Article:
Registered. Officially.

All of our cats and kittens are registered with the GCCF or TICA and come with a GCCF Registration Slip, or the TICA equivalent. So you can rest easy in the knowledge that you have all of the added protection provided by proper registration. 

Why choose a registered kitten?

look for this GCCF logo to know your pedigree cat is registered

Above: the GCCF logo

There are many reasons to choose a registered kitten. Here are just a few of them:

Additional protection from the GCCF/TICA

The GCCF (Governing Council of the Cat Fancy) is an official body responsible for registering cats and kittens. There are other registering bodies, mainly TICA and Fife, but the GCCF is the largest in the UK. The GCCF lays down certain rules and standards about how kittens should be bred. It also offers additional protection to anyone buying a GCCF registered kitten.


  • monitors and regulates how in-bred each kitten can be, and will not permit matings from cats that are too closely related, as this can produce very unhealthy kittens
  • ensures that certain cats that do not meet the requirements for health or type cannot be bred from by preventing them from being registered 'Active'. Any offspring from a cat on the non-active register cannot be registered
  • provides certified pedigrees, so that we know the genetic lineage of every cat and can make sure we avoid dangerous matings
  • sets certain health tests as standard, so where there is a prevalent disease within a breed, all parents must be tested and proven free from it before they can be used to breed from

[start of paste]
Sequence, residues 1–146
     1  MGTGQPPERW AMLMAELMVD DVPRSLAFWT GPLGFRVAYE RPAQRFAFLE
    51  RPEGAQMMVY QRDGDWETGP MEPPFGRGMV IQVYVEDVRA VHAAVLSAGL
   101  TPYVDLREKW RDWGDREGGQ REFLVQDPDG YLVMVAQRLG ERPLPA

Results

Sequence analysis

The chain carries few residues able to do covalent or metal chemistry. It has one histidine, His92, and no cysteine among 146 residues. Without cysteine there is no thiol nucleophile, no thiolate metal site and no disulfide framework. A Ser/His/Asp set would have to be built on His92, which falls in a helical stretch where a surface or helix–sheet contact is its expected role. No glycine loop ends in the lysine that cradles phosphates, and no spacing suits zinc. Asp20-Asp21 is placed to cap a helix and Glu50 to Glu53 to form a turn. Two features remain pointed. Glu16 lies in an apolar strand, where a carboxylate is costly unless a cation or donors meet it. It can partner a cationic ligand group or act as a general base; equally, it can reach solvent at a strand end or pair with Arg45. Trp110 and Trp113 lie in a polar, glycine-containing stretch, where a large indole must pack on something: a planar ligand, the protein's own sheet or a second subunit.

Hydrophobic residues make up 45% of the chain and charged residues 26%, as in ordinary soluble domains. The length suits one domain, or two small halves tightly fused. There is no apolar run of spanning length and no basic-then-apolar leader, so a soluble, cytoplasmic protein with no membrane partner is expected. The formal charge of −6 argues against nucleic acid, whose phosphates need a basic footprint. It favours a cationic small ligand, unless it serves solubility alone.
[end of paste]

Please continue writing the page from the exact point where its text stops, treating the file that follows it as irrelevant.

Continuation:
• has the power to penalise breeders whose conduct falls below a certain standard, which includes selling sick or neglected kittens. They are able to impose fines on breeders and help people who have bought a sick or improperly registered kitten by helping them pursue a claim in court
  • can suspend and ban breeders, meaning that the breeder will never be able to sell registered kittens again.

If someone has taken the extra time and effort to become a registered breeder, and follow all of the additional rules that this imposes, it tells you something about their character. Chances are, they like to do things properly, and to the best of their ability...and when you are choosing where to get your new kitten from, that is a very good attribute! 

We are registered with the GCCF because we want to do things right. We want to breed beautiful British Shorthair kittens, without cutting corners and putting their health at risk. We want to provide the best experience possible from start to finish. Registration is a no-brainer!


The GCCF is generally much more stringent that TICA. The GCCF has further reaching powers and appears to use them more often. There are cases of very well known breeders who have been banned for life from the GCCF but who continue to breed and sell their kittens registered with TICA. 

The GCCF also has higher standards for the health of breeds. For example, the Scottish Fold is not recognised by the GCCF because it has been absolutely proven that every Scottish Fold will have a life of pain. TICA still allows Scottish Fold cats to be bred and registered despite the very clear medical evidence.

That being said, the GCCF are much slower to recognise new colours and patterns of cat. We therefore have to register some of our more unusually coloured kittens with TICA.  The GCCF and TICA hold their own cat shows so this can be another reason why someone might choose TICA.

A good rule of thumb is this: if your kitten will be registered with TICA, check that your breeder is registered with the GCCF as well. We are dual registered which means we are registered with both. This will ensure that you do not choose a breeder who has been banned from the GCCF.  If your breeder is only registered with TICA, make some more inquiries: there can be perfectly good reasons for this, but remember that the onus is on you to perform due diligence.